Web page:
Although ddPCR allows for quantitative assessment of mutant frequencies in cfDNA, it is limited by the number of fluorescent probes that can be used in one assay (up to five) [23][24].

Copy number variations have also been investigating in cfDNA using ddPCR. Even if the number of targets is limited, it can be a useful tool for detecting, simply and rapidly, some gains or losses, which are associated with poor prognosis at diagnosis or during follow-up [25][26].

DdPCR can also be suitable to detect chromosomal rearrangements, especially in hematological malignancies. Among others, assays have been developed for translocation t(11;14) deregulating the CCND1 gene and translocation t(14;18) deregulating the BCL2 gene, which are frequently observed in Mantle cell lymphoma (MCL) and follicular lymphoma (FL), respectively [27][28]. The sensitivity of these techniques can go down to 0.01%.

- PCR coupled with mass spectrometry

The major limitation of the previous PCR-based approaches is their very limited multiplexing ability. Mass spectrometry-based methods such as surface-enhanced Raman spectroscopy (SERS) and UltraSEEK are adaptation of the conventional PCR method with a unique advantage in multiplexing to detect ctDNA mutations at low frequency with low input amount of cfDNA and fast turnaround time.

SERS is a surface-sensitive technique that enhances Raman scattering by molecules adsorbed on rough metal surfaces or by nanostructures such as plasmonic-magnetic silica nanotubes [29]. The detection of target specific DNA is based on the use of labeled nanotags (Raman reporters) and the measurement of the Shift in the spectrum of Raman reporter that can provide information about low-frequency transitions in molecules. The status of mutations is then analyzed with SERS spectrum where unique spectral peaks demonstrated the presence of targeted mutations. Multiplex PCR/SERS identifying three hotspot mutations has been developed in melanoma and colorectal cancer with a limit of detection as few as 0.1% [30][31].

The UltraSEEK chemistry is able to interrogate multiple informative variants within a single reaction. In this method, the mutant allele is specifically targeted by a primer extension step that omits the wild type allele. In NSCLC, the limit of detection of the UltraSEEK Lung Panel, consists of 73 variants, was 0.125–1% with low input of specific tumoral cfDNA fragments beforehand measured with the LiquidIQ Panel [32]. Of note, this study showed the importance of preanalytical cfDNA quality control and input amount for the accuracy of liquid biopsy testing.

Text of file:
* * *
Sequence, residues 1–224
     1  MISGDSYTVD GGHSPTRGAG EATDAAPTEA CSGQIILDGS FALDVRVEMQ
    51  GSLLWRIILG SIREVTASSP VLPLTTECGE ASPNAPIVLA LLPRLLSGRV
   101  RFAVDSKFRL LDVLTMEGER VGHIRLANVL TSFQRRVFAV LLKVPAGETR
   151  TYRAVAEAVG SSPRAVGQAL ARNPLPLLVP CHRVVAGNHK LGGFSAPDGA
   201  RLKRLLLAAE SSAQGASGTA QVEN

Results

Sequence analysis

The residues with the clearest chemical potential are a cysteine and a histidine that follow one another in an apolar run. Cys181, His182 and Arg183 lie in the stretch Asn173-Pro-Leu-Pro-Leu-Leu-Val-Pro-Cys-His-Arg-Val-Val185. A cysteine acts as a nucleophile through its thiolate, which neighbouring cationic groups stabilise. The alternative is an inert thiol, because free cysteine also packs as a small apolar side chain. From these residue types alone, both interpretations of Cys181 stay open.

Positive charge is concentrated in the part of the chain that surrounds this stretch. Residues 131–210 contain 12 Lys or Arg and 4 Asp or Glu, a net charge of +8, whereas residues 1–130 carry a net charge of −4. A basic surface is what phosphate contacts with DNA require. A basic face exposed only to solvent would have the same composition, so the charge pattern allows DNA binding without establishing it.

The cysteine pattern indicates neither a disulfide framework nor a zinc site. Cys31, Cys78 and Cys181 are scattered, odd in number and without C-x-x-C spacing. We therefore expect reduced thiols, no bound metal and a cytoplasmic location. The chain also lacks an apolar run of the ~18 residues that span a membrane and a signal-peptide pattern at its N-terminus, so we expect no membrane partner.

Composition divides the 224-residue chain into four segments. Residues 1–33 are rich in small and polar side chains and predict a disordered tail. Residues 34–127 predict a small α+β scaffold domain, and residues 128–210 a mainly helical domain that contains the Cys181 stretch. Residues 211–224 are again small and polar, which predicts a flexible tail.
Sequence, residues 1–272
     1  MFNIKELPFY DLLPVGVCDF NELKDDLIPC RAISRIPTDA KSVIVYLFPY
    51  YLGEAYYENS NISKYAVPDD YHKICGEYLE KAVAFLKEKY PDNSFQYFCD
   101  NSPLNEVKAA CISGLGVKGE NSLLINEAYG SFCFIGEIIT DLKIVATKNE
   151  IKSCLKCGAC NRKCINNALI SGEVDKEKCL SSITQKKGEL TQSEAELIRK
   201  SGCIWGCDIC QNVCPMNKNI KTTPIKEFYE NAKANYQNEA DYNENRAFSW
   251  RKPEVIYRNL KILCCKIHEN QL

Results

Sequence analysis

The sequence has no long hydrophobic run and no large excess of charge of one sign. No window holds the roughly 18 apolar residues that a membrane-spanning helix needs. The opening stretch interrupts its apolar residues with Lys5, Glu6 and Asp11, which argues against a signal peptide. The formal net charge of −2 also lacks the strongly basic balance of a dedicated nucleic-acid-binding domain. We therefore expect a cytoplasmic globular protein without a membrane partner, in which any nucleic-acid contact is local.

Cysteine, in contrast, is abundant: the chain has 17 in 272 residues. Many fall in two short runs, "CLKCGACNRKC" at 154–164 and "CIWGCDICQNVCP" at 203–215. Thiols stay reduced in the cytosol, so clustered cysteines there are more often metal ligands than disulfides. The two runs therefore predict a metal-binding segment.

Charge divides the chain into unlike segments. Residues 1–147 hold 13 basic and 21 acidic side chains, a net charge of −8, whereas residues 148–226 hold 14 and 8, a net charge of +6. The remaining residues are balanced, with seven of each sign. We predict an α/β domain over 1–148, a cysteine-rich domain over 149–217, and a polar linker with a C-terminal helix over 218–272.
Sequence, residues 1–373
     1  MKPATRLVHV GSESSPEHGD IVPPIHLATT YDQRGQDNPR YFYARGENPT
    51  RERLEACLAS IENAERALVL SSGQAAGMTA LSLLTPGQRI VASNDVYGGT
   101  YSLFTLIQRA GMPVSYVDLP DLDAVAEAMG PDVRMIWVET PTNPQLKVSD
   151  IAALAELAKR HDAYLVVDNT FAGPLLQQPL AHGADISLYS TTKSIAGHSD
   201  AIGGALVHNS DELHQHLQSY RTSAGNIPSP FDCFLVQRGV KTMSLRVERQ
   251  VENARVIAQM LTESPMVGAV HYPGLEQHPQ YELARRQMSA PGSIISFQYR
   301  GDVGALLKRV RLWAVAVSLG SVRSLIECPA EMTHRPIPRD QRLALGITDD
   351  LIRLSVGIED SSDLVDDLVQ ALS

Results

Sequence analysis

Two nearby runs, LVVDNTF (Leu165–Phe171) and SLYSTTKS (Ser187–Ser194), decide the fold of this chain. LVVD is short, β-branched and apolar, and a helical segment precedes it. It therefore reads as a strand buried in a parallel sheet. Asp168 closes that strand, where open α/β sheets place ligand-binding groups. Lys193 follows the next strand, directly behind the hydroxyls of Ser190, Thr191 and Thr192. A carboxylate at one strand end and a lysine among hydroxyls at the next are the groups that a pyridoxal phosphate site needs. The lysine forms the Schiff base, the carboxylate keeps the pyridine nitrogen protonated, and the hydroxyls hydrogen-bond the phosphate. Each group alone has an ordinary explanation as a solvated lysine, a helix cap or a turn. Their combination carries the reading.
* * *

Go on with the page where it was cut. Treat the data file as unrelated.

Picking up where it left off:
Overall, these PCR-based assays are very effective tools for detecting mutations at a relatively low-cost, which make them feasible in routine clinical practices. The main limitation is the limited multiplexing ability, which restricts the possibility of targets and can lead to a greater consumption of material. Furthermore, the alterations detected must be previously known such as hotspot mutations, which is more suitable for a minimal residual disease but less as a diagnostic tool.

Targeted NGS based methods

Targeted deep sequencing techniques are still limited to a certain number of regions but can cover entire genes or entire coding regions of genes. Thus, they are suitable for genes without hotspot mutations, which is often the case for loss of function mutations in tumor suppressor genes.

Targeted enrichment in library construction can be achieved by direct amplification (amplicon or multiplex PCR) or hybridization capture (hybrid capture) of the DNA regions of interest. Techniques using multiplex PCR-based methods are more dependent on the length of the fragments and may require several simultaneous reactions for target enrichment to cover a large region of a gene, consuming more DNA. Hybrid capture methods employ custom RNA probes complementary to targeted regions and are able to detect both single nucleotide variants (SNV) and structural variants [33]. In this method of enrichment, the fragmentation of cfDNA can lead to a heterogeneous coverage across targeted exons with a lower fragment depth in the edge regions of exons, which must be taken into consideration when designing the panels for ctDNA sequencing [34].